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Bi Lawyer Pamela Karlan Delivers 'Bitch-Slap' at Impeachment Hearing

Pamela Karlan

The Stanford professor, a longtime LGBTQ rights advocate, stood up to a Republican congressman.

Pamela Karlan, the Stanford Law School professor who slayed at Wednesday's impeachment hearing, is one of the LGBTQ community's own.

Karlan, director of Stanford Law's Supreme Court Litigation Clinic, has described herself as a "snarky bisexual." She also argued for an LGBTQ-inclusive interpretation of federal civil rights law at the high court in October.

One instance of Karlan's self-identification came at the American Constitution Society's national convention in 2006. Delivering the convention's closing remarks, she suggested that liberal-leaning people have more reason to be patriotic than conservatives.

"We have to seize back the high ground on patriotism and on love of our country, because we have more reason than they do to love America," she said, according to a transcript on the society's website. "The rich, pampered, prodigal, sanctimonious, incurious white straight sons of the powerful do pretty well everywhere in the world, and they always have.

"But what about us? Snarky bisexual Jewish women who want the freedom to say what we think, read what we want, and love who we do. I don't want to keep other people from having the great opportunities I've had here in the United States. I want other people to share them." Karlan is partnered with writer Viola Canales.

In 2009, when Karlan was mentioned as a possible Supreme Court nominee, she told Politico,"It's no secret at all that I'm counted among the LGBT crowd." Some LGBTQ groups had hoped that President Barack Obama would nominate a member of the community to the high court to replace the retiring David Souter, but that did not happen, and Karlan downplayed the idea that she could be a nominee. "Given the landscape, I'm flattered but not fooled by having my name tossed around," she said. Sonia Sotomayor succeeded Souter on the court.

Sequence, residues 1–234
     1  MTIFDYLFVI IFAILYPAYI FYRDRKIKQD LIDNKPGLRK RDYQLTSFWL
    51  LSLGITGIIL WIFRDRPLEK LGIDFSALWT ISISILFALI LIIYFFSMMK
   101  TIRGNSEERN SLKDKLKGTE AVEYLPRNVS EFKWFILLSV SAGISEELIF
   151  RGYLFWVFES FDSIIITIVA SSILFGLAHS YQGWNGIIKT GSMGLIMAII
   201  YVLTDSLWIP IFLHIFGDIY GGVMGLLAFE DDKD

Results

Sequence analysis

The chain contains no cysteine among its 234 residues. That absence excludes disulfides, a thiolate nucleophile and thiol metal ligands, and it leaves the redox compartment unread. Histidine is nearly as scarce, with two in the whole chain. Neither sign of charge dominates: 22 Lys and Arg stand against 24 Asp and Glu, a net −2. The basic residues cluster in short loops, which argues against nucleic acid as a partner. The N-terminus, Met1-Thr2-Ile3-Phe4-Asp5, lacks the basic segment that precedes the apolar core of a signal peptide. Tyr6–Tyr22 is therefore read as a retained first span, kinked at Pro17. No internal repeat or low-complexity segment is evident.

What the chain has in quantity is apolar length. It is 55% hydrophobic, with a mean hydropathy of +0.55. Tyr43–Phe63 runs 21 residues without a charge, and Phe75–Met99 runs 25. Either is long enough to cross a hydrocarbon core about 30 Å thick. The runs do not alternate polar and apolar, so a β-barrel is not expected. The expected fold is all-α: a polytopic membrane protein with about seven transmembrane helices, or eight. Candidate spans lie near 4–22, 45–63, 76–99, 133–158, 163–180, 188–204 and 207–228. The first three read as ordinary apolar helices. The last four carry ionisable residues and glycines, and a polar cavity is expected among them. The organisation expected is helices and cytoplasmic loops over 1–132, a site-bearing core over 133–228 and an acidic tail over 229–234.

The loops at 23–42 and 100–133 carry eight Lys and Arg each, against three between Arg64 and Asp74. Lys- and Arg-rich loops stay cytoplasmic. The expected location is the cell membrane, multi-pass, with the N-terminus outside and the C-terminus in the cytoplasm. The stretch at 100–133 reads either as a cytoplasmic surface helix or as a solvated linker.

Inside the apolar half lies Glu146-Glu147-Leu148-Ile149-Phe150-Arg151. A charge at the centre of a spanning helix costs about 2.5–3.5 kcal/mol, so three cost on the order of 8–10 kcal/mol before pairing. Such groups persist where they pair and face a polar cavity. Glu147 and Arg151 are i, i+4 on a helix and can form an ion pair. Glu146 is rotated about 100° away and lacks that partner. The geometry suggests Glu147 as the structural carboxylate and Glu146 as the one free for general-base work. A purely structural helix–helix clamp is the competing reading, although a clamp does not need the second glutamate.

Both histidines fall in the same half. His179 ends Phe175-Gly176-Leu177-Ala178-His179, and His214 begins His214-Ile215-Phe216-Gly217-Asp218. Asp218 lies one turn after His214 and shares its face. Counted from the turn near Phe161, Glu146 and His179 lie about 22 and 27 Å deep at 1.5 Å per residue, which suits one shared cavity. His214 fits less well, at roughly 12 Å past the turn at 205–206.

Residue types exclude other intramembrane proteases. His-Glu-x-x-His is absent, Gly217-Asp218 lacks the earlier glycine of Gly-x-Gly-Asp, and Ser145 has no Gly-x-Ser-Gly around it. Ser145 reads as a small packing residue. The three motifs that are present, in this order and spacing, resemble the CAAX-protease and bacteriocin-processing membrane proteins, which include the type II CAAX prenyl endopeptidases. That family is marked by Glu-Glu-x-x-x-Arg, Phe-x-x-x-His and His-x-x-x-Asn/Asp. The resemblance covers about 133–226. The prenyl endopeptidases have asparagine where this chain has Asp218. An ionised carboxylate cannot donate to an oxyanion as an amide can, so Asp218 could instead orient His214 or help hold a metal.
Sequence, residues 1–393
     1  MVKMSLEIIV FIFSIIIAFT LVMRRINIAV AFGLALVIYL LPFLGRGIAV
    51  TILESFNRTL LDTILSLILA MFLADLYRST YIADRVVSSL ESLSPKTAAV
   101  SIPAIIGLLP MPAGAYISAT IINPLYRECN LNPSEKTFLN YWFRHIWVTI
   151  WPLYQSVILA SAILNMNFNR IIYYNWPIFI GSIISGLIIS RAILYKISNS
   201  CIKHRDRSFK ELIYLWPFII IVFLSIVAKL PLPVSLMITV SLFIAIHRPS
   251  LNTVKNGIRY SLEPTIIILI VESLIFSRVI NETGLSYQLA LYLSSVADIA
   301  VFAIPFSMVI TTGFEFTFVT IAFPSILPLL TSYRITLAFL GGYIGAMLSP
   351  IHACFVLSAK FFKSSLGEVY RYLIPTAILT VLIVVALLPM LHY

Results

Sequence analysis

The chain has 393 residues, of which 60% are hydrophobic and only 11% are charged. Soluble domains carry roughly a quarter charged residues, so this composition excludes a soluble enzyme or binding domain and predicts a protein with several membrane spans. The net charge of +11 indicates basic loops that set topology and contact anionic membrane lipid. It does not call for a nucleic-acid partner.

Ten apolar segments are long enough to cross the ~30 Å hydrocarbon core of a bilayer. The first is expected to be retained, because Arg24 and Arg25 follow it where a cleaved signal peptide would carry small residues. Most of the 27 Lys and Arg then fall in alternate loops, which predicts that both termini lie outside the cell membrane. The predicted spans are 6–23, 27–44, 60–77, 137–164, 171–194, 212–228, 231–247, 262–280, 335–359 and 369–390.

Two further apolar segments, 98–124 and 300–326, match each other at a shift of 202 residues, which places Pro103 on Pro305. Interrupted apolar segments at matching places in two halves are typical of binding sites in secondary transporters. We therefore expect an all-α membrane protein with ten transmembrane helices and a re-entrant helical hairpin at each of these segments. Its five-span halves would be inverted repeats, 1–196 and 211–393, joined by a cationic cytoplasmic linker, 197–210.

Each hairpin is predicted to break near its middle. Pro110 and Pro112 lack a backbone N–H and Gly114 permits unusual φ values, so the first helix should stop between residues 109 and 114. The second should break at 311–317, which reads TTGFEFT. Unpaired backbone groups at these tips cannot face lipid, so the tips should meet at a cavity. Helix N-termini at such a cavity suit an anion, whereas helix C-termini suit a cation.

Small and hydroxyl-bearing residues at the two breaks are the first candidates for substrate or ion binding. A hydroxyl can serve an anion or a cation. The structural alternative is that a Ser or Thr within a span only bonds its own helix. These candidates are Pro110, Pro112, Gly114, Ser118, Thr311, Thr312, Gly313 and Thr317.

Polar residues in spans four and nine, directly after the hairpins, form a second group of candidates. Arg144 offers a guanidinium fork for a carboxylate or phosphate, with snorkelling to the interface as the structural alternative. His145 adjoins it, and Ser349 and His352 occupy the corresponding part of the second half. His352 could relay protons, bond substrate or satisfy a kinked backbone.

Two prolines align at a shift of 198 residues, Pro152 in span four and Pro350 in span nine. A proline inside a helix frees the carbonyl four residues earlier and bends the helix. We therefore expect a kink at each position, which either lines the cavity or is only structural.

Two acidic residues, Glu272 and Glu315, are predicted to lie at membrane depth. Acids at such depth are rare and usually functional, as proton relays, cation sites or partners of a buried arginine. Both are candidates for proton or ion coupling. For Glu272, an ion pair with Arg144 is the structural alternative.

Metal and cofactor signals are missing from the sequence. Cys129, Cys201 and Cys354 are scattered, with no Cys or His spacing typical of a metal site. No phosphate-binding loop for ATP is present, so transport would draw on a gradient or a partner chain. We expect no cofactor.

In her opening statement to the House Judiciary Committee Wednesday as it considers the impeachment of Donald Trump, she said, "Based on the evidentiary record before you, what has happened in the case today is something that I do not think we have ever seen before: a president who has doubled down on violating his oath to 'faithfully execute' the laws and to 'protect and defend the Constitution.' The evidence reveals a president who used the powers of his office to demand that a foreign government participate in undermining a competing candidate for the presidency." She was referring to Trump's statement to the president of Ukraine that the Ukrainian government should investigate the work done by Hunter Biden, son of former Vice President Joe Biden, for an energy company in that nation. Joe Biden is a leading contender for the 2020 Democratic presidential nomination.

Karlan later clapped back at U.S. Rep. Doug Collins, the ranking Republican on the Judiciary Committee, when he implied that she was not qualified to speak on the question of impeaching the president. In what Vanity Fair called "a verbal bitch-slap," Karlan said, "I would like to say to you, sir, that I read transcripts of every one of the witnesses. ... So I'm insulted by the suggestion that as a law professor I don't care about those facts."

"Everything I read on those occasions tells me that when President Trump invited, indeed demanded, foreign involvement in our upcoming election, he struck at the very heart of what makes this a republic to which we pledge allegiance," she continued. "That demand ... constituted an abuse of power."

At the Supreme Court October 8, Karlan represented two men, Gerald Bostock and the late Donald Zarda, who said they were fired for being gay. She argued that Title VII of the Civil Rights Act, which bans sex discrimination, applied in their cases because, as men attracted to men, they were treated differently than women attracted to men. "Title VII was intended to make sure that men were not disadvantaged relative to women and women were not disadvantaged relative to men," she said. It was the ninth case she had argued before the Supreme Court, The New York Times reports. She also assisted Edie Windsor in her challenge to the Defense of Marriage Act, although she did not argue that case at the high court.

Karlan's experience additionally includes working in the Department of Justice's civil rights division under President Obama. There she helped prepare a friend-of-the-court brief recommending that the Supreme Court rule for nationwide marriage equality in the Obergefell v. Hodges case (it did). At the DOJ, she received the Attorney General's Award for Exceptional Service, the highest award given to employees of the department.

She is an alumna of Yale University and its law school, and she clerked for the late Supreme Court Justice Harry Blackmun. She is a coauthor of When Elections Go Bad: The Law of Democracy and the Presidential Election of 2000. In that election, Republican George W. Bush was declared the winner over Democrat Al Gore after recounts ceased in Florida.

"She is a brilliant, scrupulously careful scholar," David Sklansky, a law professor at Stanford, told the Times. "She is also honest and candid, and she has a deep commitment to fairness and the rule of law. ... "If you want to know what something in the Constitution means, it's hard to think of a better person to ask."

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